OK, it doesn’t have to be in your underwear (although it sure can be!), but in this article I would like to argue for the considerable social and ecological benefits of telecommuting. I love telecommuting from my strawbale cabin at Dancing Rabbit Ecovillage, and think we would be a happier and healthier society if we did more of it.
For many bosses, telecommuting can summon images of employees playing wiffle ball or watching the Daily Show, but studies show this is not the case. Large, aggregate studies of telecommuting show increased performance as a result of: increased autonomy, more time freedom, and no loss of energy from the commute. Of course, discipline is still required, and clear measurable outcomes are a good idea. That said, I think Basecamp founder (and telecommuter) Jason Fried is on to something when he talks about how virtually no one picks work as the place they would want to go when they really need to get something done.
Higher Worker Satisfaction
In a 2008 survey, close to 40% of tech workers said they would take a 10% pay cut in exchange for the ability to telecommute, and it makes sense. Saving 1-2 hours per day of commute time is huge for busy working people, and (assuming a $.60/ expense per mile, 40 mile roundtrip, 25mpg, and a standard 48 week year) standard American commuting costs a whopping $5,760 per year!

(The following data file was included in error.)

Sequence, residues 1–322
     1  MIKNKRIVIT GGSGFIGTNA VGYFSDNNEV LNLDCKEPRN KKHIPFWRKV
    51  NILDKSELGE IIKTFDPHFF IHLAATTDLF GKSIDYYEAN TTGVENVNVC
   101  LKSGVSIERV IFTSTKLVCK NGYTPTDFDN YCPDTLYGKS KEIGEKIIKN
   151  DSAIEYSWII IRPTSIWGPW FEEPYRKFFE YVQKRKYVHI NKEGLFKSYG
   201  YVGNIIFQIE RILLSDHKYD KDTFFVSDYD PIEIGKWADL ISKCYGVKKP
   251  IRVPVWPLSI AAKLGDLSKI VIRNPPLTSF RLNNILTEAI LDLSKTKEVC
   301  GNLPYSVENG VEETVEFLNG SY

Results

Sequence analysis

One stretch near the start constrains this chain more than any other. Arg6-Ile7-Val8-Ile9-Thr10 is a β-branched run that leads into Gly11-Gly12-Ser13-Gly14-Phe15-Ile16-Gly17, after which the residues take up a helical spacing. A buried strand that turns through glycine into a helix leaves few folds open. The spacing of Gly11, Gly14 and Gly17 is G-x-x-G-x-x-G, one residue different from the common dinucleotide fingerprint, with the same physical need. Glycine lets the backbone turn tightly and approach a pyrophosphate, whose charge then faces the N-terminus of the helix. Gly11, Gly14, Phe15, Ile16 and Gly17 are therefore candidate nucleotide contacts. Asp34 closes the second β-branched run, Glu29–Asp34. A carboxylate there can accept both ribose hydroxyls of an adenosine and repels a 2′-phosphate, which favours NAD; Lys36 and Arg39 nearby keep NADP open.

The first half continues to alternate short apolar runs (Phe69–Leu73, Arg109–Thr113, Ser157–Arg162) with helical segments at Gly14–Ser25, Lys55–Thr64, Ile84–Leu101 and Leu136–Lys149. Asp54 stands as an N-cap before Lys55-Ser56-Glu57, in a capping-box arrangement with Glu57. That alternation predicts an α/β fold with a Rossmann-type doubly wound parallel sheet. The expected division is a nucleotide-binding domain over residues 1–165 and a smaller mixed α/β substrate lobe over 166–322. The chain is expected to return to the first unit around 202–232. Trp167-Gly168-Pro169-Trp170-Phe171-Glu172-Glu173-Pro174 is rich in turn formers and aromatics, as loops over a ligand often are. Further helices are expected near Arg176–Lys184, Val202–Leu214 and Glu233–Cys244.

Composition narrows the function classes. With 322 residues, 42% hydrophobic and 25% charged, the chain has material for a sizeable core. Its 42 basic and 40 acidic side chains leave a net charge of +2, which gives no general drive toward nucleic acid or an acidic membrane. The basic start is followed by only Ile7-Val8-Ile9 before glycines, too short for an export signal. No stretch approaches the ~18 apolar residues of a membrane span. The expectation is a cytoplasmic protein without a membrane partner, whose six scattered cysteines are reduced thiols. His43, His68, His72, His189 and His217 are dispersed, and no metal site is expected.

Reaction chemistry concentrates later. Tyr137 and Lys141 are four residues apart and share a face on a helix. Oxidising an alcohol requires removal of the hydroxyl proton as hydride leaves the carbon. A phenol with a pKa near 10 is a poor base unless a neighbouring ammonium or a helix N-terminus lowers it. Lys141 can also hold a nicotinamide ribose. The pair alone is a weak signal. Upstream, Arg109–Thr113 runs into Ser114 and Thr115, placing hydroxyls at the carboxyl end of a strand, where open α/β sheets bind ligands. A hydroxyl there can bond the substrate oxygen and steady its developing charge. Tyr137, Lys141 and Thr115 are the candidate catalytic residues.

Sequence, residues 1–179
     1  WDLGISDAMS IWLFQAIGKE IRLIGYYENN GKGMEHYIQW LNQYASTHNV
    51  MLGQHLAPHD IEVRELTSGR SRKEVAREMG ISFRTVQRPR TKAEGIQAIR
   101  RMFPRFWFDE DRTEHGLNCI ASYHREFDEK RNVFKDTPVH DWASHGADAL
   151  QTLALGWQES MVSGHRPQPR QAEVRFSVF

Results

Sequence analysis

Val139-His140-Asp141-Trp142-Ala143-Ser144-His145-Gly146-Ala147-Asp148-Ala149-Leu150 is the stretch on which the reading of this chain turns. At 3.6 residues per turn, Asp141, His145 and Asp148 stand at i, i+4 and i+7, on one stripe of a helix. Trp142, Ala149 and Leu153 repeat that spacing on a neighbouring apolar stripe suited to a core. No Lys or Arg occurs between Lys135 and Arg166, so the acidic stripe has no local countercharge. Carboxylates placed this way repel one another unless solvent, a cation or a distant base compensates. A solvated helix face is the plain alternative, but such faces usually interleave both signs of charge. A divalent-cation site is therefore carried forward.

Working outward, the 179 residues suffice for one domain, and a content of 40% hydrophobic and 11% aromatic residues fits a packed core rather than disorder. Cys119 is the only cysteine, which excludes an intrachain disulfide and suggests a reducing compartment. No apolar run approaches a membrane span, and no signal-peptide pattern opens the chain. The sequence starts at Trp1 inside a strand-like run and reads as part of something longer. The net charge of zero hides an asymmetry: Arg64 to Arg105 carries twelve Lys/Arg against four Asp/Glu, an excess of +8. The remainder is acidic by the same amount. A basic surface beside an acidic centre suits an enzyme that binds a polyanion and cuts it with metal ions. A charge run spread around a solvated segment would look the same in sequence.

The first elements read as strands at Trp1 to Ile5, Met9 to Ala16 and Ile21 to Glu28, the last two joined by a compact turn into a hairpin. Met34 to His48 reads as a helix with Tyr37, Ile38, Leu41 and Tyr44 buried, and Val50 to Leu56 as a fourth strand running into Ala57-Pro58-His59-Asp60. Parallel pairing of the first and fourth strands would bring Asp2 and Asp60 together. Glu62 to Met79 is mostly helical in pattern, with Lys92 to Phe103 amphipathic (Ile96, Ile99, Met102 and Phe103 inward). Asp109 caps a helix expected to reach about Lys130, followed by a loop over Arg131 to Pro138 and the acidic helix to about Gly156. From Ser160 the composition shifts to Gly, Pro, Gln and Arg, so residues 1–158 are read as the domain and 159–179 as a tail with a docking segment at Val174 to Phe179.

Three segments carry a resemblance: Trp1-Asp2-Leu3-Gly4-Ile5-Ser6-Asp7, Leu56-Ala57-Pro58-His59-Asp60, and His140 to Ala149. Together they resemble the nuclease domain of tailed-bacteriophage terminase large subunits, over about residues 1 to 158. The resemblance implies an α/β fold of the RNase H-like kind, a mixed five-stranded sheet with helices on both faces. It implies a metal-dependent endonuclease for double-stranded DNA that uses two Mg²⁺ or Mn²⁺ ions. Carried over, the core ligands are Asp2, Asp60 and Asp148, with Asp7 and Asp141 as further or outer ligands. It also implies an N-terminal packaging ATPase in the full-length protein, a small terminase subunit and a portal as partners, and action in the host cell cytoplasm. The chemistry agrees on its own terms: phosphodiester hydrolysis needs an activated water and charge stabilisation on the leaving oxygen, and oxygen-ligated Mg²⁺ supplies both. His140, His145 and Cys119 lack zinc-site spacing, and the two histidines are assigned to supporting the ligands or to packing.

More than just saving money, a Cisco survey had 80% of respondents reporting an improved quality of life, and 91% saying that telecommuting is “somewhat or very important to their overall satisfaction.” These results don’t just hold for Cisco, though. In a large mata analysis on telecommuting published in the Journal of Applied Psychology, researchers found “that telecommuters reported more job satisfaction, less motivation to leave the company, less stress, improved work-family balance, and higher performance ratings by supervisors.”
Lower Ecological Footprint
In the 2008 Cisco example, telecommuting prevented close to 50 metric tons of greenhouse gas emissions through prevented travel. Scale this over the whole workforce (estimates are that 40% of the workforce could telecommute, only 5% of this number now do) and the benefits are huge. They are even larger when you think about additional possible benefits like companies having smaller offices, people having only one laptop (instead of a work and personal computers), and less crowded public transportation during rush hour.
Tips For Convincing Your Boss to Let you Telecommute
- Let your boss know large companies like Cisco and Sun Microsystems are doing it.
- Point out the large eco benefits.
- Show them the research showing increased worker productivity and decreased turnover.
- If they are hesitant, ask for a short term trial they can revoke if they are not completely pleased.
- Define clear measurable metrics you will hold yourself to (e.g. a certain amount of articles, sales, code, etc.).
- Offer to take a small pay cut (that you will more than make up for in fuel savings).
Brian Toomey lives at Dancing Rabbit Ecovillage, enjoying breaks with his girlfriend (a latin tutor over Skype) and telecomutes as a web and sustainable business consultant for Kranichs Jewelers and Appoutdoors.
Photo Credit: colorblindPICASO